• Cycling losses – These losses occur as water circulates through the heater’s internal piping, and through the storage tank if present.

Heaters running on fossil fuels have energy factors well below unity, electric tankless heaters operate close an EF of 1, and heat pumps have EF values higher than unity because their inverse refrigeration cycle allows them to draw heat from the surrounding environment.

Comparing Water Heaters: An Example

Assume you are presented with four water heaters for a household that consumes 80 million BTU per year, and want to calculate the operating costs associated with each alternative:

  • A gas-fired storage heater with an EF of 0.55
  • A tankless electric heater with an EF of 0.97
  • A tankless gas heater with an EF of 0.80
  • An electric air-source heat pump with an EF of 2.5

Since the example is for one city, assume the cost of natural gas is $1.20 per 100,000 BTU, and the electricity rate is $0.18 per kilowatt-hour.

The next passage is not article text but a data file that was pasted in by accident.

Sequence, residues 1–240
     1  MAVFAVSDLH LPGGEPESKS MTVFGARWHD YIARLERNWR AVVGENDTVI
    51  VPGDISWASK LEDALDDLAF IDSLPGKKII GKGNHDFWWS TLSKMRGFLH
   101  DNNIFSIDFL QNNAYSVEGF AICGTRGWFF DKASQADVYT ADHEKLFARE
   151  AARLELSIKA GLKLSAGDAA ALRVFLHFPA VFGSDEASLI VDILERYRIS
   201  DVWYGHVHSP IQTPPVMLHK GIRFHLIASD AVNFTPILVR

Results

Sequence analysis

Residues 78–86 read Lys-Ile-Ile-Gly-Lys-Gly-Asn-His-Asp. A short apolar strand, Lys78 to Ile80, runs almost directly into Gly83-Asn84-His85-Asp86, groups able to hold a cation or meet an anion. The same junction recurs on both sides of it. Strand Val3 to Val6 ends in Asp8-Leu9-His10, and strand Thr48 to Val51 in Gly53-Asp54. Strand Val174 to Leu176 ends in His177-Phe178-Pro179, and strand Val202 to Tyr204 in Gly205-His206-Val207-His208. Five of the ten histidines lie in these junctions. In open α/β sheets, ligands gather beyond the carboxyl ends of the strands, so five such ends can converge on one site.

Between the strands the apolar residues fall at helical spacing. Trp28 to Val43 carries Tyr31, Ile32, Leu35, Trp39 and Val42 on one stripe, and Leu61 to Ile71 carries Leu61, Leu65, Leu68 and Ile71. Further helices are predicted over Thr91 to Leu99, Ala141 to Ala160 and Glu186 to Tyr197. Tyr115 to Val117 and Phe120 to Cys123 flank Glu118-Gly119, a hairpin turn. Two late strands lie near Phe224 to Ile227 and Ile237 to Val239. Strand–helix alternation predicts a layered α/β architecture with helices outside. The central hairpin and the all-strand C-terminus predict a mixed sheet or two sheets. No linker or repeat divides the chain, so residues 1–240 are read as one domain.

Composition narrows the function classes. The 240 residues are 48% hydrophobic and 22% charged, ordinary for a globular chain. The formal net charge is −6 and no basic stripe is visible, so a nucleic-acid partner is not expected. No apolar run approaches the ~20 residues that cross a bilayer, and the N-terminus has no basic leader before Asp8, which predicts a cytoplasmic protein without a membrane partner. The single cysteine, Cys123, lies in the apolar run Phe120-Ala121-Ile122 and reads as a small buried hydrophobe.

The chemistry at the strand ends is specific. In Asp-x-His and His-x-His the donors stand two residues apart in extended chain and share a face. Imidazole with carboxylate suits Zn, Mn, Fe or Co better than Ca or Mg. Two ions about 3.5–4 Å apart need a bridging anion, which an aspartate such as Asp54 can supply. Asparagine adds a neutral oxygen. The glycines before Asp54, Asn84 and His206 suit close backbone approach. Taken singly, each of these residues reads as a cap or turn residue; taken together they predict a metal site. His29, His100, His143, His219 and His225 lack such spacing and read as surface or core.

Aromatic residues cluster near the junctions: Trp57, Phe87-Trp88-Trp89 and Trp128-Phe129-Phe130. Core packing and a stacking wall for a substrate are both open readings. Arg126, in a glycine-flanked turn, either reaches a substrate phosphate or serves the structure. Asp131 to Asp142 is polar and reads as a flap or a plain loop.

• For the gas heaters, the calculation procedure can be carried out directly because the heating output and energy input are both in BTU.
  • The tankless electric heater and heat pump run with electricity, so the heating output must be converted to kWh before proceeding.
  • Heating Output (kWh)=80,000,000 BTU x 1kWh/3412.14 BTU= 23,446 kWh

Other than this, the calculation procedure is the same for all four heaters. The yearly heating output is divided by the energy factor (EF) to calculate yearly energy consumption, and this value is then multiplied by the unit price of energy, per kWh or BTU. This formula is applied by mechanical engineers to all four water heaters, to determine which is the least expensive to operate.

Gas-fired storage heater operating cost:
Operating Cost (USD/yr)=80,000,000 BTU/.55×1.20 USD/100,000 BTU=1745 USD

Tankless electric heater operating cost:
Operating Cost (USD/yr)=23,446 kWh/.97X.18 USD/kWh=4351 USD

Tankless gas heater operating cost:
Operating Cost (USD/yr)=80,000,000 BTU/.8 X 1.20 USD/100,000 BTU=1200 USD